Spitoon was my first ever Ludum Dare submission. As I mentioned in my previous post, I had watched Notch’s live feed of his entry for LD 22 and was inspired to participate in the next one. Here is how I think it went.
What went right
- I managed to make a mostly-playable game with (AFAIK) a somewhat unique mechanic.
- My graphics, though simple, got the job done. I was pleased with how they turned out, mostly.
- I learned that I can perform under a very tight deadline and for very long periods of time.
- I made my first Timelapse as well as my first ever upload to YouTube!
- I had a lot of fun!
What went wrong
This is always the more interesting part, I imagine:
- Many bugs made it into the posted version. Among them are the spitballs appearing at full size for a split-second before being resized (this one bothers me a lot, as it messes with the visual style and happens repeatedly), and spitballs sometimes stopping dead in their tracks when they aren’t supposed to.
- The game uses up way more memory than it should, particularly by the later levels. This was a problem I had spent a good portion of time trying to fix, but, alas, I just don’t know enough yet about proper and efficient garbage collection. This is where my relative lack of experience with ActionScript, Flixel, and programming in general really shows through. It is something I’m slowly working on, however.
- No sound! I had even practiced a bit with generating sounds with SFXR before the competition, but in the end, I spent too much time fixing bugs and designing levels (both of which took up more time than I had originally planned on) to get to this stage of development at all. A game like this really deserves some nice spitting sound effects to round it out, but I had to prioritize, and sound I deemed was less important than the other stuff.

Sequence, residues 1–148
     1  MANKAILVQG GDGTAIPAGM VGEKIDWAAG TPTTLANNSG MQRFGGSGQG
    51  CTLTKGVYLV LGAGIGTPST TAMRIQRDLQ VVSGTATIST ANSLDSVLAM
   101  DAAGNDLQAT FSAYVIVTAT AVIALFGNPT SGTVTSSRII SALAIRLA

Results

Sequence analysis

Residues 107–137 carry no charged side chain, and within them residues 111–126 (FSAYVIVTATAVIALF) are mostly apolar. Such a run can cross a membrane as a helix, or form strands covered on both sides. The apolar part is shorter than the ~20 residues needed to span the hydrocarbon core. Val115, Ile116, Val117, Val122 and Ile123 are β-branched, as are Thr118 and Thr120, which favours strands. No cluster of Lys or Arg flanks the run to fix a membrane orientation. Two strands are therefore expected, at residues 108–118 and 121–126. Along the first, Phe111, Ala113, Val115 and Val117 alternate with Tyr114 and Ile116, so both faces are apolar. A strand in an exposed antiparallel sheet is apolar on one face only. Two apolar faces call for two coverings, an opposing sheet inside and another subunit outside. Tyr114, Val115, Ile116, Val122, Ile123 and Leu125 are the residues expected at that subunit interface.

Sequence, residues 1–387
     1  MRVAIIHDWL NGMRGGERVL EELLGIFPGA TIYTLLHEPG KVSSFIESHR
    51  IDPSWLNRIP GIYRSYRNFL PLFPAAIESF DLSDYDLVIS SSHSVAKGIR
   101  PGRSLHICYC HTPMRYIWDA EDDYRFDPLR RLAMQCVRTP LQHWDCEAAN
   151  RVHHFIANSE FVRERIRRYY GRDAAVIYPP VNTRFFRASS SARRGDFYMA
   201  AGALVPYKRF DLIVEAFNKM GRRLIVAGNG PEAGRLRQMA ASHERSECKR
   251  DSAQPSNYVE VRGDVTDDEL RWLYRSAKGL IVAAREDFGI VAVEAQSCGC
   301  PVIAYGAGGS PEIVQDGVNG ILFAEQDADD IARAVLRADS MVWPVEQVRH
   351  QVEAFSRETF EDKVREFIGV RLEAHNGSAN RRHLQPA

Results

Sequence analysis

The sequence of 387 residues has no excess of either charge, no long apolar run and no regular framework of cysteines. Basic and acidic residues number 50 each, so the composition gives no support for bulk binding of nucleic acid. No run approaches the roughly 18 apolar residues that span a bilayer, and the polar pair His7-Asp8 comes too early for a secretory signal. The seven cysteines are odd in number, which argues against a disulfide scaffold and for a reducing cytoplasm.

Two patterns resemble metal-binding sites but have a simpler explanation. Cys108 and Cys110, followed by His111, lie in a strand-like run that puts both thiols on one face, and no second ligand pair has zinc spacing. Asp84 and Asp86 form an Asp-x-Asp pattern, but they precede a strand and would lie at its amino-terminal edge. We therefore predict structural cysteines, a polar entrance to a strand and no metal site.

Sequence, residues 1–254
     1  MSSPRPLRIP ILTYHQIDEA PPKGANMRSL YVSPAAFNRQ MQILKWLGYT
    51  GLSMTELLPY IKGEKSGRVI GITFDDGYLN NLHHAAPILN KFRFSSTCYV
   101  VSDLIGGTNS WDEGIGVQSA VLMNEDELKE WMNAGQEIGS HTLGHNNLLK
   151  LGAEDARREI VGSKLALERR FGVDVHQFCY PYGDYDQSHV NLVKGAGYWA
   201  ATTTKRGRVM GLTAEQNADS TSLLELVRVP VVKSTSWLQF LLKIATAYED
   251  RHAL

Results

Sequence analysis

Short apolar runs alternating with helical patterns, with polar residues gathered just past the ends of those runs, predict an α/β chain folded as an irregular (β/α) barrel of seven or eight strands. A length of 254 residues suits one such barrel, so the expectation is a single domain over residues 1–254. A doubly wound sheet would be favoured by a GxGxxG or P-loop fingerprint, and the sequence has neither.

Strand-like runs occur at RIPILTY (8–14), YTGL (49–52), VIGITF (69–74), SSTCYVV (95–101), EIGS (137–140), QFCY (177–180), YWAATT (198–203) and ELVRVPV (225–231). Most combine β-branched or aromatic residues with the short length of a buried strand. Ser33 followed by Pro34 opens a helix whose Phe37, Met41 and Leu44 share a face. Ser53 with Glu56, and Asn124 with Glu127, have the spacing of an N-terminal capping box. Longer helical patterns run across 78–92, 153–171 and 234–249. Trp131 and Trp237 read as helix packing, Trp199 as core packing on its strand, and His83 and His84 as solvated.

- Too short! I realize that the bar isn’t necessarily very high as far as length of gameplay with this sort of competition, but I really wanted to shoot for a minimum of 10 well-thought-out levels at minimum (20 if I could help it). That said, I had to settle for 7 levels, with 2 of them being pretty bare in terms of “puzzleyness.” I also wanted to have an actual menu and a way to restart the current level, but I just didn’t get to implementing it.
- I misspelled the name of my game! :O I don’t know whether to chalk this up to being tired or what, but yes, it’s spelled ‘Spittoon,’ not ‘Spitoon.’ I didn’t name my game til right toward the end, and although I’m usually a pretty decent speller most of the time, this time I got it wrong. A 5-second Google check could have shown me I had it wrong, but it just didn’t occur to me until the next day to do so. At this point, I can either fix the spelling for the post-compo version, or leave it as is and just call it my own. Does anyone have any preference on this? Should I leave it “Spitoon” or should I fix it and call it “Spittoon” from now on?
For the Future
Shortfalls aside, I really did have a blast participating, and I absolutely plan on being in future competitions for Ludum Dare. Feedback has been wonderful and it’s so encouraging to hear people’s thoughts about the game. I’m also planning on releasing a “post-competition” version of the game with all the bug fixes, sound effects, and additional levels I wanted to include in the original version. Hopefully, work schedule and family life permitting, I’ll be able to put that out sometime in the next 2 or 3 weeks. Thank you for reading and thanks to everyone for making this a great experience! I’ve already played quite a few of the other entries, and I’m terribly impressed; I can’t wait to play even more!
EDIT: The post-compo version was released about a week ago, and here’s the download link: